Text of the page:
There are two additional points to be made from this study.People with an increase in visceral fat had a CD4 count of 400, while thosethat did not have an increase in visceral fat had a CD4 count of 80. Theviral load was lower in those individuals with visceral fat. It appearedthat the persons having the syndrome were better off immunologically andhad a lower viral burden than those who did not have the syndrome.

A second study was more epidemiological in nature. In thisstudy they wanted to look at the possibility that some of the patients theytreated in the past had the same body composition changes as patients beingtreated now. And, they wanted to look at the effects of antiretroviral therapyor plasma viral load on the distribution of body fat. 96 HIV+ people werestudied from the current era (since 1/1/96), and they were matched with96 HIV+ people seen before 1/1/96, and with 96 healthy controls (HIV-).Kotler said it was likely that very few of the individuals seen before 1/96were on any kind of effective antiviral therapy.

They did routine body composition studies and looked atskinfolds, but did not do MRIs. The visceral fat of the individuals seenin the current era was about the same as those seen before 1/96, and asthe HIV- individuals (control group). This applied to men and women. But,both of the HIV+ groups had less subcutaneous fat than the HIV- individuals.Individuals with HIV had less subcutaneous fat than HIV- persons regardlessof whether or not they used PIs or potent therapy. They performed a statisticalanalysis called a multiple regression analysis. Based on this analysis,the data showed that simply being HIV+ can cause reductions in subcutaneousfat for both men and women. The data suggests that PI therapy was not associatedwith loss of subcutaneous fat, because there was no difference in the amountof subcutaneous fat between those seen before 1/96 and after 1/96. But,the data suggests that the HIV disease process alone may be associatedwith the development of lipodysrophy or elements of lipodystrophy.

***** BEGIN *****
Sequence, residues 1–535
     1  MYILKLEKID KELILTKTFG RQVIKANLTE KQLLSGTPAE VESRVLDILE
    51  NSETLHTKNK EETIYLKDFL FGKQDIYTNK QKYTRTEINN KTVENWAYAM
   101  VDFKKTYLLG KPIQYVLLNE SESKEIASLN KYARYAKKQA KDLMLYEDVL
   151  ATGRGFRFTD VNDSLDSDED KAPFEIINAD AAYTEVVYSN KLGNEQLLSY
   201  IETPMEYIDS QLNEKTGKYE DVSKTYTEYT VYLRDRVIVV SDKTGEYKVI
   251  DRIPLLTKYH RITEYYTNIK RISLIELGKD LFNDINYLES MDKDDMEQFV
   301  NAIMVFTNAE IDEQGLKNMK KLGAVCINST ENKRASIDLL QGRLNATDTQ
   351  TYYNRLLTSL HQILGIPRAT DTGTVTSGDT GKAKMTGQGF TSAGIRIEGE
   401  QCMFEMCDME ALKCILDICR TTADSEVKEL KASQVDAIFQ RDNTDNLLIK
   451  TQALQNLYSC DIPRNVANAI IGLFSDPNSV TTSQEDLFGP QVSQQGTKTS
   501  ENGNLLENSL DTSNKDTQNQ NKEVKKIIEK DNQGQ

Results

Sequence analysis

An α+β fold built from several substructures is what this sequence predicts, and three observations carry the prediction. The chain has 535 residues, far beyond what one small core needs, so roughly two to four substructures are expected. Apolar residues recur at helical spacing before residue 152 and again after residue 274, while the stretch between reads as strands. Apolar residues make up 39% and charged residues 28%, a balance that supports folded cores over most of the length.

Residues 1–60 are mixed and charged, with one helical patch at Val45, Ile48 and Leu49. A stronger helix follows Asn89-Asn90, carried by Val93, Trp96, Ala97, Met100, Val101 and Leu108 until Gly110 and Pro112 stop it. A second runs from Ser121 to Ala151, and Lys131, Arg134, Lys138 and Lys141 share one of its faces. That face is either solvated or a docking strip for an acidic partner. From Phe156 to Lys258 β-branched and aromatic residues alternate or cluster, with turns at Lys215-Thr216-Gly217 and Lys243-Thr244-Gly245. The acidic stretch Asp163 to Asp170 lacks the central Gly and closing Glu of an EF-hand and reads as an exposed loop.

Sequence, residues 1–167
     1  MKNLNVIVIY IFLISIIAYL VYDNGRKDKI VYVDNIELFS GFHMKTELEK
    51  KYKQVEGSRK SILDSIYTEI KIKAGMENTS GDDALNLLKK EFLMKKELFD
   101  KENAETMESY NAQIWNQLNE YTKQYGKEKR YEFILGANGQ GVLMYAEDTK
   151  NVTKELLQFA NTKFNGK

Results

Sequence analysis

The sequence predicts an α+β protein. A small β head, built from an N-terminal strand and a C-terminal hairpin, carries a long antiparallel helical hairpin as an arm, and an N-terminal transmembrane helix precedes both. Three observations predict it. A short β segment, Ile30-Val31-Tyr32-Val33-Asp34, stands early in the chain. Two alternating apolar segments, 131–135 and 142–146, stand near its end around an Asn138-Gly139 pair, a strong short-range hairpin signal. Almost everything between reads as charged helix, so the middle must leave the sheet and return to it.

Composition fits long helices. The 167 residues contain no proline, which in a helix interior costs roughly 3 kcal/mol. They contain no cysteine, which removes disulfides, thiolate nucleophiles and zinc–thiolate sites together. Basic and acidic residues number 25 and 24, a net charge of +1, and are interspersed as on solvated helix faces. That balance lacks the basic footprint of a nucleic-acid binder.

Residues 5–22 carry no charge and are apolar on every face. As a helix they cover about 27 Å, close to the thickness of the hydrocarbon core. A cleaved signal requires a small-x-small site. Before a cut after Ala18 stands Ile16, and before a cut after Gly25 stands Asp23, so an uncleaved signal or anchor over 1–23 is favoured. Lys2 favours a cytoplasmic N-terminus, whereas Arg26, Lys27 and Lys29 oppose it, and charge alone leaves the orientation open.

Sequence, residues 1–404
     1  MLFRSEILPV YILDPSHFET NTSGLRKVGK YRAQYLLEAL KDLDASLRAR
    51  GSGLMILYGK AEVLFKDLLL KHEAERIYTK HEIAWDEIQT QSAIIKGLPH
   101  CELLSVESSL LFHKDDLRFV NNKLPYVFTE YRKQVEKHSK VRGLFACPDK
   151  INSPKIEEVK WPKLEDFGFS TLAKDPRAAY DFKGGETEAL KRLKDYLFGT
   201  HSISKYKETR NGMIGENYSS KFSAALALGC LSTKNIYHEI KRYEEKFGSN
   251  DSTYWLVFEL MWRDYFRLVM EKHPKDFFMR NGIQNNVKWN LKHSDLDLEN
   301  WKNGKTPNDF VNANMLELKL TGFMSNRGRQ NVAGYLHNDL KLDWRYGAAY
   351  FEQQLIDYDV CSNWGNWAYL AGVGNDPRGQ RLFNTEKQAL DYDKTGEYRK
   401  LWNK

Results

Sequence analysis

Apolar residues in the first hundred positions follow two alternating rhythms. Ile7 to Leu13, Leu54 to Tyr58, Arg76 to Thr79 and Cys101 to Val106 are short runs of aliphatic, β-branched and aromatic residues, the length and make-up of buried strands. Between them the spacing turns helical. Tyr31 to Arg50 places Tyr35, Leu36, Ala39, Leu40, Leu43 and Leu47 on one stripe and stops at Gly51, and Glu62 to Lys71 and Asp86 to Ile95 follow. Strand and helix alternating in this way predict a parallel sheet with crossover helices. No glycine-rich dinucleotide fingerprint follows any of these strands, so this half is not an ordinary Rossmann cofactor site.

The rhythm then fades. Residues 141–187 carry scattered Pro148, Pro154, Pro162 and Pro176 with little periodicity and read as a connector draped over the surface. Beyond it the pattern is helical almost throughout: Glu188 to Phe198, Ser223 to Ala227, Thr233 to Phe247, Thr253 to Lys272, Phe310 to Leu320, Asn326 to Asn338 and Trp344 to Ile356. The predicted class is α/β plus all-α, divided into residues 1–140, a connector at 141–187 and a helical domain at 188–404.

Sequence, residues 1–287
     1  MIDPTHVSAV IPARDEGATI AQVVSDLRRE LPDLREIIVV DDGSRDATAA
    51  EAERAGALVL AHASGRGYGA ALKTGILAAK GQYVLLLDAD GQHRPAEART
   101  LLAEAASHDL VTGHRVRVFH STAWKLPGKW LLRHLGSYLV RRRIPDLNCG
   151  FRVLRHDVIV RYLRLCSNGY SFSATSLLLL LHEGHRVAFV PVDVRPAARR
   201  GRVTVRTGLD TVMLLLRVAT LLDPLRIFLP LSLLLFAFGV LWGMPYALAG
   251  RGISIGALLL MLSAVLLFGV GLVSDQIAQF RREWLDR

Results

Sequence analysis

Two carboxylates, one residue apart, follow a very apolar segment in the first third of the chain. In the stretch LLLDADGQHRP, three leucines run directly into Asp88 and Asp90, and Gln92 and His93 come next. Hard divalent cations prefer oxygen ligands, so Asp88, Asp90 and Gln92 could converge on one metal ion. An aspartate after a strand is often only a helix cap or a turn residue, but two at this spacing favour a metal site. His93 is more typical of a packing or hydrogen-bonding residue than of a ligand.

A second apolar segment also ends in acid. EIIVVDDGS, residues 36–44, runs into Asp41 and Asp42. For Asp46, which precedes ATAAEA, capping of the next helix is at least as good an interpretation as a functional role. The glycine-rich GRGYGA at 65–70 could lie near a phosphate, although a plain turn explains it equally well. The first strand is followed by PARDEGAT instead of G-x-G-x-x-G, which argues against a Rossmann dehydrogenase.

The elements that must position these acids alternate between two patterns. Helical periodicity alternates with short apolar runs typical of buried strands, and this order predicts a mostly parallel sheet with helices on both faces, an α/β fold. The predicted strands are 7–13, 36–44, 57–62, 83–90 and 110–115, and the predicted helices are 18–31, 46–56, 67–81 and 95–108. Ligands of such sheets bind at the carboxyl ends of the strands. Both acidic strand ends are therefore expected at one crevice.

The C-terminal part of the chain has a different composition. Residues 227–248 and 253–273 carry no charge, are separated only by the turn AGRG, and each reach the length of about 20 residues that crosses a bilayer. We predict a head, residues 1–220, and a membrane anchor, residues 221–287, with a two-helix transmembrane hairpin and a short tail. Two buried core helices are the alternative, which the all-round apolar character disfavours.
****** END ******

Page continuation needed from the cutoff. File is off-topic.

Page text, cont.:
Then, they looked at the 96 patients they've seen since1/1/1996. Half were taking a PI regimen, 1/4 of them were taking antiviralswithout a PI, and the other 1/4 were not taking any antiretroviral therapyat all. Based upon their statistical analysis the researchers concludedthat--taking antivirals with or without PIs did not siginificantly contributeto visceral obesity. But, viral burden was associated with visceral fat,and it was an indirect effect. People with lower viral load were morelikely to have more visceral fat.

Dr Kotler thinks individuals with more advanced HIVand who respond better to therapy with good CD4 increases and potent viralload suppression are more likely to experience lipodystrophy. Familyhistory may play a role. For example, a family history of heart diseaseor diabetes may play a role. A person's genetic disposition towards hypertension,diabetes, or heart disease may be a contributing factor. The process ofHIV disease or the process of recovery from HIV, that being immune reconstitutionmay be contributing factors.

What studies need to be done?Several studies that will compare PI regimens to PI sparing regimens areplanned by CPCRA and ACTG. These studies will look at lipodystrophy, outcomes,and in some ways mechanisms. The second type of study that is necessaryto look at ­what does the syndrome have to do with HIV? If you can seethe syndrome after a kidney transplant or Syndrome X, how is it relatedto HIV? This will be a harder study to conduct.

Kotler is working with the CPCRA in planning their PI vsPI sparing study. It will look at epidemiology, demographics, natural history,and outcomes. Both the ACTG and CPCRA will be looking at metabolic consequences.We need studies looking at prevention and treatment. It will be up to independentinvestigators to look at methods of study of pathogenesis of the syndrome-thosebeing either directly related to protease or perhaps indirect; indirectbeing simply metabolic such as hypercortisolism and the possibility thatthe syndrome is a result of partial immune reconstitution leading to anautoimmune type disease. Kotler has researched elements of hypercortisolismand is currently looking at the autoimmune aspect. There are several otherinvestigators looking at similar questions. Kotler expressed hope that overthe next 1-2 years we'll have epidemiological data on a large number ofpatients and pathogenesis data coming out of smaller more focused studies.